Yes and no. I had read conflicting reports on the gain of the Greyhawk in the screen forum. Some posts said 0.8. Others stated 0.95. After contacting Silver Screen (listed under marketplace of this forum), they indicated that the gain was .95.


I posted some observations on your screen -- thinking it was the Firehawk (1.35). I'll need to amend that post in the screen forum. I have also seen the Firehawk. (And, I think the Greyhawk has a better viewing cone -- now that I know what I was looking at).


Adam:

What made you choose the Greyhawk over the Firehawk?


Softengr:

We did watch bright scenes with the lights off. Adam's walls are painted very dark (dark taupe). His ceiling is also raised in the center and is several feet above the screen. There is very little ambient light generated by his room as it stands. I think the styling and elegance of his dedicated theatre room would be much more compromised by going totally black than the improvements in PQ would provide. (But this is a good tip for everyone).


And, Adam's screen does such a good job at reflecting ambient light, that soft lights can even be turned on without compromising the experience.


btw:

The screen shots which show his room are much lighter than in person. Just like when you watch a sporting event at dusk, the camera lets you see more than in person.
 

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Room looks great. What are the room dimensions (length and width.) From your post I'm guessing around 14' by 12'? I have a similar room and was wondering if it was large enough for a dedicated theater.


Is this a bedroom or converted dining room?
 

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Discussion Starter #13
Quote:
Originally posted by softengr
Nice looking room. But it is far from ideal for home theater as the walls, ceiling and floors reflect way to much light.

Turn off the lights in the room completely and seal the room from external light. Then watch some bright scenes. How bright do the surrounding surfaces get? If you can clearly see the walls, ceiling and floors then performance is being compromised. Especially the contrast and picture purity. These are my findings.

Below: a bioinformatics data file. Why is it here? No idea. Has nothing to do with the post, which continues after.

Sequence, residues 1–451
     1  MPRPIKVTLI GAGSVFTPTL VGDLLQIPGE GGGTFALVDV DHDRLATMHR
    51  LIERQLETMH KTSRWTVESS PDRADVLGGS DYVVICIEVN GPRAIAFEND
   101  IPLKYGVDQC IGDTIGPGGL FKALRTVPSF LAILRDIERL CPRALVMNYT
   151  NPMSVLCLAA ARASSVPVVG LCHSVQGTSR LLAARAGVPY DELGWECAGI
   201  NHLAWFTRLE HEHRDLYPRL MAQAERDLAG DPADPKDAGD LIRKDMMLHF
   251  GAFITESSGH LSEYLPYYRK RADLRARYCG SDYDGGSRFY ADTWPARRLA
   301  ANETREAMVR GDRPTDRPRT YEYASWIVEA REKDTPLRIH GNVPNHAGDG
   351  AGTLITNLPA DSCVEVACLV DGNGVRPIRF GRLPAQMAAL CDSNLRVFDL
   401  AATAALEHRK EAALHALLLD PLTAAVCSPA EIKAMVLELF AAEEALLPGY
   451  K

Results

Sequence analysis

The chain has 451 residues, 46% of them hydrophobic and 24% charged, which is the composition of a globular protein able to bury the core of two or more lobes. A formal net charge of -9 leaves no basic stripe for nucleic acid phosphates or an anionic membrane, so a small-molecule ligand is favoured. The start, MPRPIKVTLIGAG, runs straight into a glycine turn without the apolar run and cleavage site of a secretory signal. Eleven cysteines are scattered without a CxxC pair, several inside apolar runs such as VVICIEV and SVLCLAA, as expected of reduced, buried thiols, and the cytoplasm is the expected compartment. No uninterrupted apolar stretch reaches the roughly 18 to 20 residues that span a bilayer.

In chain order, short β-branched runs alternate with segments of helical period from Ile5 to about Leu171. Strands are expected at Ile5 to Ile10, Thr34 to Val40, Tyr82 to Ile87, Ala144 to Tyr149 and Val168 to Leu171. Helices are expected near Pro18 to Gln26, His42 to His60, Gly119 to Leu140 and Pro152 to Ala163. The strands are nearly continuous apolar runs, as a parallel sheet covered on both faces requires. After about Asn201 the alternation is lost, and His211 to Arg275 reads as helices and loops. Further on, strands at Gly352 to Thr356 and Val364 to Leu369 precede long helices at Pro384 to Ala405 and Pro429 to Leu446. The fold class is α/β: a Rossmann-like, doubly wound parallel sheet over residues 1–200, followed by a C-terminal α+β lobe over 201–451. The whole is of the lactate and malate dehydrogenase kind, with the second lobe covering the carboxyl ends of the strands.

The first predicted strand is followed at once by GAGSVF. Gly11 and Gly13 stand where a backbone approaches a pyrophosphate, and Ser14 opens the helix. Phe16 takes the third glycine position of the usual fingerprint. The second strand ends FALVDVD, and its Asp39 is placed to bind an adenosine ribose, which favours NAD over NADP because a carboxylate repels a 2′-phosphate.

I'll have to disagree with you on that one. It is a controlled lighting room and I see no real reflection from anything while watching movies. You can see the walls and the ceiling and the carpet, but you'd still be able to see them if they were all black and I don't think making anything darker would enhance my viewing experience.


The camera and all the lights on didn't help that picture, the paint on the walls is almost a chocolate brown and the carpet is much darker than it appears.


Far from ideal is an opinion i'll leave it at that.


As a newbie to the forum and the idea, I went with Silver Screens recommendation, that is where I got the screen. Their recommendation came from Stewart who used my projector model and room setup as a basis for the screen gain.
 

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Discussion Starter #14
Quote:
Originally posted by TYoung
Room looks great. What are the room dimensions (length and width.) From your post I'm guessing around 14' by 12'? I have a similar room and was wondering if it was large enough for a dedicated theater.


Is this a bedroom or converted dining room?
The room is about 14' W x 15' long to the back where a wall would be but its open. There is another 4 feet of hall from where the projector ends and the very back wall starts.


This is a room off the basement that i built into a HT while I finished the basement.


If anything isn't ideal it's the room size, almost square is bad for sound. I currently have a tin like echo because I am not finished and there is nothing on the walls.
 

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Adam,

what's the source for the HD signal.

You mentioned Warner, is that cable?


I need to get HD and am looking for a STB that

works well via DVI/HDMI with my HS20.


BTW, your room is killer.

While black may be the ideal to some people, my

HT room serves other functionality, i.e., music, bar,etc.

And black is just a bit too depressing.


We haven't introduced S&M and whips just yet:D
 

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Discussion Starter #16
Quote:
Originally posted by Milt99
Adam,

what's the source for the HD signal.

You mentioned Warner, is that cable?


I need to get HD and am looking for a STB that